... in a VB Windows Form application, it compiles but it crashes during execution.

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The message is that, "Starting a second message loop on a single thread is not a valid operation." The Application object is in the System.Windows.Forms namespace and always starts a message loop. Only one can be active at a time. (If several threads were all trying to process the same messages, it would be a disaster.)

But the rules are completely different in a console application. You can execute this code multiple times (if you add a reference to System.Windows.Forms first) and you can create forms at will!


Imports System.Windows.Forms
Module aModule
    Sub aSub()
        Application.Run(New Form())
        Application.Run(New Form())
        Application.Run(New Form())
    End Sub
End Module

The (empty) Form objects appear only after the previous one is closed. Because a console app is single threaded too! You can run new Form objects because the console app doesn't start a message loop. This is important to know if you want your app to communicate with Windows. It means that you have to code the communication with Windows messages yourself in this type of app.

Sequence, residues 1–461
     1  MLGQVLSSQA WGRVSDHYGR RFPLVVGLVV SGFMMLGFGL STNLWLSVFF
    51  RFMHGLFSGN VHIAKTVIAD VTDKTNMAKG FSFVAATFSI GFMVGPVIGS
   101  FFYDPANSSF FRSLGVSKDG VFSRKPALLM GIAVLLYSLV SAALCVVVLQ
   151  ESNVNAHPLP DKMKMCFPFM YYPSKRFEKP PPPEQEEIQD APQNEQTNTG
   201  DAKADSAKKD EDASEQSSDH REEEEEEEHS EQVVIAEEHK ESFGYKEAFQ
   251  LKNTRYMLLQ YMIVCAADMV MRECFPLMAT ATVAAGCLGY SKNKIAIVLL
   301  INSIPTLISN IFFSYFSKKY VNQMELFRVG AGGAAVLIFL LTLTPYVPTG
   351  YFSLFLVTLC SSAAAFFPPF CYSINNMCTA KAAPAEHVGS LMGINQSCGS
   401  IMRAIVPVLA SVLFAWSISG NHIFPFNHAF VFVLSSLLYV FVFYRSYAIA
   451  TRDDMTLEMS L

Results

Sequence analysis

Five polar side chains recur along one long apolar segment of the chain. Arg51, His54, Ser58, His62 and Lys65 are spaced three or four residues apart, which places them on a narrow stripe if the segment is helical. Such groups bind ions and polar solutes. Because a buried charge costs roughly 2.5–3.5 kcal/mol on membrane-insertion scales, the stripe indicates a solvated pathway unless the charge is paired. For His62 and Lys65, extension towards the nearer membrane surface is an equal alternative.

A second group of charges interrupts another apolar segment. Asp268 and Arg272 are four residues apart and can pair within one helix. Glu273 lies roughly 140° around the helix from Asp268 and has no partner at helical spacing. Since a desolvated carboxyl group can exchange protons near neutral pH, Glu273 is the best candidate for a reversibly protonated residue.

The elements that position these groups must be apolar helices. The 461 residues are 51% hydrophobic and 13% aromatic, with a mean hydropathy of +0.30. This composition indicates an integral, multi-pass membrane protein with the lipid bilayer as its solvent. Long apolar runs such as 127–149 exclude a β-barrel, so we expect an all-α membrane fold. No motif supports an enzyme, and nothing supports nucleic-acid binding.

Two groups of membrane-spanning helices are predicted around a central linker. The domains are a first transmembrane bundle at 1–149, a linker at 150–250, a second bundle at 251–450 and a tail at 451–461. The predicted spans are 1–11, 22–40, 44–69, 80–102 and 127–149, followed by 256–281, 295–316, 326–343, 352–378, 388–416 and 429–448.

To execute all three, you have to use MTAThread. Here's an example showing how that would be coded:


Imports System.Windows.Forms
Module aModule
    <System.MTAThread()> Sub Main()
        Dim aThread As New Threading.Thread(
            AddressOf Work.aSub)
        aThread.Start()
        Dim bThread As New Threading.Thread(
            AddressOf Work.bSub)
        bThread.Start()
        Dim cThread As New Threading.Thread(
            AddressOf Work.cSub)
        cThread.Start()
    End Sub
    Public Class Work
        Shared Sub aSub()
            Application.Run(New Form())
        End Sub
        Shared Sub bSub()
            Application.Run(New Form())
        End Sub
        Shared Sub cSub()
            Application.Run(New Form())
        End Sub
    End Class
End Module

Now, when you run the console app, all three forms pop open together!

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Notice, however, that the Form objects are completely empty. Visual Studio isn't doing a thing for you now. You have to code every property and event yourself.

The next article in this series: Joining Threads continues the discussion of threading by showing how to use Join to return control to the Main thread.